Publishers downplay new iPad's impact on file sizes
The size of digital magazine apps is once again a hot topic, thanks to the recent release of Apple's new iPad and its high-resolution retina display. Creating high-def video and images that take advantage of the new display could quickly bloat iPad apps, leading to lengthy downloads and storage crunches.
Publishers, for their part, are downplaying any negative impact of optimizing for the new iPad. Increases in file sizes will be minor, they contend. More importantly, they argue, the presentation improvements are well worth a few extra megabytes.
Condé Nast this week released HD-optimized versions of three titles: Wired, Condé Nast Traveler and GQ, which join the new Vogue app that Condé released earlier this month. Optimized versions of Condé's eight other digital editions will be available by the end of April, spokeswoman Susan Portnoy said.
The Vogue app weighs in at 408 megabytes on the new iPad but less than 300 megabytes on the iPad 2, according to Mashable. While Condé is sensitive to the size issue, Portnoy said the company has had few complaints about file sizes from its readers. At this point, Condé feels it's more important to incorporate functionality such as dual orientation, rich media and a full array of advertising - even if that bumps up file sizes.
"For us, it's about the consumer experience," Portnoy said.
Content looks 'amazing'
Gregg Hano, SVP of corporate sales and the Technology Group at Bonnier, which publishes Popular Science and Popular Photography, echoed those comments. "Overall, we're thrilled for the new devices, which make our content--especially our photo books--look amazing," Hano said in an email. "We think consumers will be really pleased with the new issues."
Hano said new retina-compatible tools and a reader will be available early next week from Mag+, the tablet publishing platform that Bonnier spun off last year. A test issue of Popular Science built with the new tools and incorporating higher-resolution images increased the file size from 209 to 330 megabytes.
"That's less than a 2x increase despite four times the pixels," Hano said, "so we don't anticipate too much negative feedback from users."
The system will also automatically serve the right version to the right device, so iPad2 owners won't be downloading extra megabytes, Hano added.
Texterity is also updating its app publishing platform for the new iPad, with retina support due in May. Images used for the new display will be about 50 percent larger than iPad 2 images, which will increase download sizes by about 25 percent, according to Texterity President Martin Hensel. The replicas that Texterity produces are already relatively lightweight compared with competitive offerings - Hensel claims they're about one-fifth the size of publications created with Adobe's DPS, for example.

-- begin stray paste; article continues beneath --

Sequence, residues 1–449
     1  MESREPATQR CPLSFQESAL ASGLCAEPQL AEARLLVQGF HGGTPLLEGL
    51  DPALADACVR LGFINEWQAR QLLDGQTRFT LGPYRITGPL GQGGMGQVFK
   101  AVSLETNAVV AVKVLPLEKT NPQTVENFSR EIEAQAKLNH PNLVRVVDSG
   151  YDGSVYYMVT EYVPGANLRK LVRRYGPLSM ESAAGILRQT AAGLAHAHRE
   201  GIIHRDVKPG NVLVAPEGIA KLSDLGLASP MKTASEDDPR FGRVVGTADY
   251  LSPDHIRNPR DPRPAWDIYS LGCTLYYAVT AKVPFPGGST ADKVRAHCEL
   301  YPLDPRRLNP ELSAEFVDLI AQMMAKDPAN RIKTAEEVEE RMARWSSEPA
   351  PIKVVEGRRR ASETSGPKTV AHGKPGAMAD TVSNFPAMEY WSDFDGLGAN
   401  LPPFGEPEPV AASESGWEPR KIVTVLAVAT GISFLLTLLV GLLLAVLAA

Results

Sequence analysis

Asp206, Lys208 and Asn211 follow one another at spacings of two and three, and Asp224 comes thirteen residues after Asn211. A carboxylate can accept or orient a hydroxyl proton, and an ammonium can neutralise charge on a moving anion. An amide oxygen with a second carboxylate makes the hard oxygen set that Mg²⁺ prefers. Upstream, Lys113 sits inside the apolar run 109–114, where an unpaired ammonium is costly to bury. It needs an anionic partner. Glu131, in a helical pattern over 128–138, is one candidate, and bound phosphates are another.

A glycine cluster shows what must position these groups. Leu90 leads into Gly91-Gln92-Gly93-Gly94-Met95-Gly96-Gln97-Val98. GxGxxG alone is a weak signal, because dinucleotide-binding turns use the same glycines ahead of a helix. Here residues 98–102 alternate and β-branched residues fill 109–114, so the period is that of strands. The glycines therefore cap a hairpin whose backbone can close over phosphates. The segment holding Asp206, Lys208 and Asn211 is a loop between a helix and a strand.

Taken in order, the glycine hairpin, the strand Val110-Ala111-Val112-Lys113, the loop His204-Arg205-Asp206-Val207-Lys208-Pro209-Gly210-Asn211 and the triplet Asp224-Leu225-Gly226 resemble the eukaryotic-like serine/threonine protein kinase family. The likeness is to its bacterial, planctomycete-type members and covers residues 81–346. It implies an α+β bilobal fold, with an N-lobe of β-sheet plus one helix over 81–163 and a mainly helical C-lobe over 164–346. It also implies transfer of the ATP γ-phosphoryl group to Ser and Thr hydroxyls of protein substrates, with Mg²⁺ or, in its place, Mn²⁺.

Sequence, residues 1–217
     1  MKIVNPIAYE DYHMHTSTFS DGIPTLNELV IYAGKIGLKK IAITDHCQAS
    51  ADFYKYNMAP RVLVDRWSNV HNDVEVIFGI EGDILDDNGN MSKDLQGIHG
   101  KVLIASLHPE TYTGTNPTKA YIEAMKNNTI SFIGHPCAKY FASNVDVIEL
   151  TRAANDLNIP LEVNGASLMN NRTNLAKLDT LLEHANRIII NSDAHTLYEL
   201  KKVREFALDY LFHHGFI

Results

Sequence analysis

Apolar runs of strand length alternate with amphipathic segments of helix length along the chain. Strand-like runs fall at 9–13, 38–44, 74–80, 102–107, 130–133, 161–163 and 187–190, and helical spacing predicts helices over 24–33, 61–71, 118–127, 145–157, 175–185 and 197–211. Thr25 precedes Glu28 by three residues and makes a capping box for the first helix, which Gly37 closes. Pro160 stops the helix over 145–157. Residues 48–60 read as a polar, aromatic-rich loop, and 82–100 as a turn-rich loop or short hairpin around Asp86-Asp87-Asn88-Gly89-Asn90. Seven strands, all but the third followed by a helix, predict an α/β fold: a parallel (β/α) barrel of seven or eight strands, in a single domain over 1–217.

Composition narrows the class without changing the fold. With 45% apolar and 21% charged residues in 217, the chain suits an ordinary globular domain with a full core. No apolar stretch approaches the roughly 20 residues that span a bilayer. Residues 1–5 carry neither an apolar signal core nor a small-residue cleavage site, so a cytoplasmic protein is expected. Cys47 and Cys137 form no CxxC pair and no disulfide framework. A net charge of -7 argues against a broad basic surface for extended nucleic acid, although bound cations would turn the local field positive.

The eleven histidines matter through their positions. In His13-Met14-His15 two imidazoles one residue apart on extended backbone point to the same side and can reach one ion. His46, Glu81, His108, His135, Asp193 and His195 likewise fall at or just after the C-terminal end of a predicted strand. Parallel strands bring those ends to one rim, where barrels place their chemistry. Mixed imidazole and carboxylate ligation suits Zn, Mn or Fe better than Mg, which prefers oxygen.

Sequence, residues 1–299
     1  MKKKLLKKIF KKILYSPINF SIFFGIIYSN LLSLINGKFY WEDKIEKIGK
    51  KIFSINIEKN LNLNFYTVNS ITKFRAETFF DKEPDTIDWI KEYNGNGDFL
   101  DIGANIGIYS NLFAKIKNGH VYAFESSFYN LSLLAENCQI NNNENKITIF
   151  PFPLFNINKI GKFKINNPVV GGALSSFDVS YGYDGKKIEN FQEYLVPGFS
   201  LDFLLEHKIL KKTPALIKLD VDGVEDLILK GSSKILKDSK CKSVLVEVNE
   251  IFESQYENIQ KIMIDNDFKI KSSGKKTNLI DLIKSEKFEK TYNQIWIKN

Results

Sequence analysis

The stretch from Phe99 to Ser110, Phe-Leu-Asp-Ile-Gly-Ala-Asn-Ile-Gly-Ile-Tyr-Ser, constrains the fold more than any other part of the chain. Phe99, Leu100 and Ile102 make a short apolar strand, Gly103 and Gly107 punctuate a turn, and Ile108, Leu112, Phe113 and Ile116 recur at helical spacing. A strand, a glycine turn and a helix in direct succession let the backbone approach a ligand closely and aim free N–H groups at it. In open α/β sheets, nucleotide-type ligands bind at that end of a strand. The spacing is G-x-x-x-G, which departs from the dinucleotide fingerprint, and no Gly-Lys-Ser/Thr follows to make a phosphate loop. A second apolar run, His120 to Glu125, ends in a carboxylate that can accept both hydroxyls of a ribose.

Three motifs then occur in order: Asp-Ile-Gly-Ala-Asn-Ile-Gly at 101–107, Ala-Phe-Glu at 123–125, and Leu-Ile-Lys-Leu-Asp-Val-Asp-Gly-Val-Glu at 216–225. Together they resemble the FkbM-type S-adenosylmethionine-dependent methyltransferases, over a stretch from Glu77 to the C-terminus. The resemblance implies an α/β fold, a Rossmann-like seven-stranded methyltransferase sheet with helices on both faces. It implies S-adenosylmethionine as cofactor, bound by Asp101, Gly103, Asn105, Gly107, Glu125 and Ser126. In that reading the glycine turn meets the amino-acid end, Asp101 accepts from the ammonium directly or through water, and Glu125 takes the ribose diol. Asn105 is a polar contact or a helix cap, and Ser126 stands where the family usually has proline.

"We think we can up the quality without sacrificing much at all on the download front," Hensel said in an email.
Adobe recommends PDF output
Condé Nast, which uses Adobe's Digital Publishing Suite, did take one important step to keep its apps reasonably sized: It switched to PDF output from the PNG format it has been using for its digital editions. Adobe has recommended the change to its customers.
Lynly Schambers-Lenox, Adobe's group product marketing manager for digital publishing, admitted that file size will "be an issue for a while" with the new iPad. "There are going to be some challenges," she said in an interview.
PDF output provides the best short-term fix, while HTML is the best long-term option for managing file sizes, Schambers-Lenox said. She cited Adobe's recently published best practices document for tablet publishing on the new iPad, which states: "PDF allows readers and customers the best experience overall on the new iPad in terms of quality of design and readability as well as performance and memory management."
The document also breaks down the pros and cons for each output format supported within Adobe's Digital Publishing Suite:
• PNG. The PNG format allows for precise pixel display for beautiful resolution and rapid loading on iOS. However, it also results in large file sizes.
• JPG. The JPG format delivers a small file size for quicker folio downloads, but can result in aliased type. It also typically uses twice the RAM as a PNG-based folio on iOS.
• PDF. The PDF format also delivers small file sizes. Because PDF is based on vector graphic formats is displays crisp and beautiful text, however can be slower to load on device.
• HTML. The HTML format results in very small files size which delivers average content fidelity but can also be slow to load. Using HTML also requires that you think about the experience if the user is reading offline.